Under the bridge
Under the bridge
I managed to snap this Great Tit flying around under a bridge, perhaps hunting for insects

We passed under a bridge where I was lucky enough to get a quick photo of a Great Tit, crossed over the canal into Warwick Avenue, and entered a pretty little park that is there.

A lawn to sit on
A lawn to sit on
There was a lawn to sit on with free deck chairs or benches around the perimeter

It is called Rembrandt Gardens, and a plaque informs us that it was given that name on “2 MAY 1975 TO COMMEMORATE THE 700TH ANNIVERSARY OF THE FOUNDING OF THE CITY OF AMSTERDAM AND TO MARK THE CREATION OF A SPECIAL RELATIONSHIP WITH THE CITY OF WESTMINSTER”.

Flower beds
Flower beds
There are beds of green plants and flowering plants like these in a well kept garden

There were few people in the garden when we arrived and we were able to easily snaffle a couple of free deck chairs which we set out on the pleasant lawn. Later the garden became more crowded and it was good to see how much people appreciated and enjoyed it.

"Gerbil balls"
"Gerbil balls"
For now, just one customer but later, the pool was full

For the occasion, a pool had been set up with what Tigger calls “gerbil balls”, transparent plastic globes that children can go in to roll about on the water. This proved a popular entertainment and it was fun watching them trying to stand upright or make the globes move across the surface of the water.

The boats viewed from the garden
The boats viewed from the garden
We could also see the basin and the boats from here and listen to the loudspeaker commentary

From here too, we could see the boats, hear the commentary over the loudspeakers and keep watch in case anything exciting happened (it didn’t).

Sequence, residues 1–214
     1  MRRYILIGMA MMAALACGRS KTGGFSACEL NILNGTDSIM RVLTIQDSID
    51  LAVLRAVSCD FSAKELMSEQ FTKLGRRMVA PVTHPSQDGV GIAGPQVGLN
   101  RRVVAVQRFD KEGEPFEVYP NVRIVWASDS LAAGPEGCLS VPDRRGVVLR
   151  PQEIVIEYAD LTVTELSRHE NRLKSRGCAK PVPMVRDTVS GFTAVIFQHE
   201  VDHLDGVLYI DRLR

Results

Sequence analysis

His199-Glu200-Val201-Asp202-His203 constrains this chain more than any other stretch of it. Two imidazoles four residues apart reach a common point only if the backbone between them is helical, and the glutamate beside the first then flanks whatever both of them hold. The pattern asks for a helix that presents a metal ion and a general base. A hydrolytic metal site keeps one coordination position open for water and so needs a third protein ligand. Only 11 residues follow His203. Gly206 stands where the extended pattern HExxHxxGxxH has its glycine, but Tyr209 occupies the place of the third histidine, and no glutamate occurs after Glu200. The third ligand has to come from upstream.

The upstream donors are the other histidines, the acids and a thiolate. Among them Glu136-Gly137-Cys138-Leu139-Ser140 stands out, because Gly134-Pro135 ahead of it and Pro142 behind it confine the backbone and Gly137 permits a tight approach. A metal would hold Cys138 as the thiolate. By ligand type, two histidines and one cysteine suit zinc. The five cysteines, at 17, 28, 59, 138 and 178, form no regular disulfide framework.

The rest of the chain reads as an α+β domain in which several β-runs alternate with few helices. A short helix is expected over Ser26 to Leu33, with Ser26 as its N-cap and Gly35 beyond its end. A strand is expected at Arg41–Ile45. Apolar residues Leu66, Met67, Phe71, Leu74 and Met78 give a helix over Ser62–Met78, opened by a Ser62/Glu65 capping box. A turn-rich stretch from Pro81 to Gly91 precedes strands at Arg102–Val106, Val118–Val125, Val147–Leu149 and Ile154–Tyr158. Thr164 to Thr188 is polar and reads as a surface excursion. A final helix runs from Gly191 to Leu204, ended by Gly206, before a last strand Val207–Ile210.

Narrowboats lined the canal
Narrowboats lined the canal
Though some of the narrowboats were still working boats, either transporting goods or carrying people on tours, most now seemed to be used as houseboats

At the end of the afternoon, we walked along the canal, which was lined with barges, most of which were really houseboats, as they were adapted for living in, not for transporting cargoes. In terms of sheer numbers attending, the Cavalcade seems to have been a great success.

Cab shelter
Cab shelter
Probably now used as a coffee stall but, if so, it wasn’t open

We turned down Warwick Avenue, where we found this well preserved example of an old cab shelter. Now that cab drivers are no longer exposed to the elements and can avoid the weather by simply sitting in their cabs, these old shelters have mostly been converted into coffee stalls.

A face looks out Head with a pensive expression
The face at the window
A face looked out at us but it was only a dummy head with a wistful expression

The bus took us to Hampstead where we changed. While waiting we saw a face looking out at us from an upper window, but it was only a hairdresser’s dummy head with a rather wistful expression.

Duck and ducklings on the canal

Copyright © 2011 SilverTiger, https://tigergrowl.wordpress.com, All rights reserved.

About SilverTiger

I live in Islington with my partner, "Tigger". I blog about our life and our travels, using my own photos for illustration.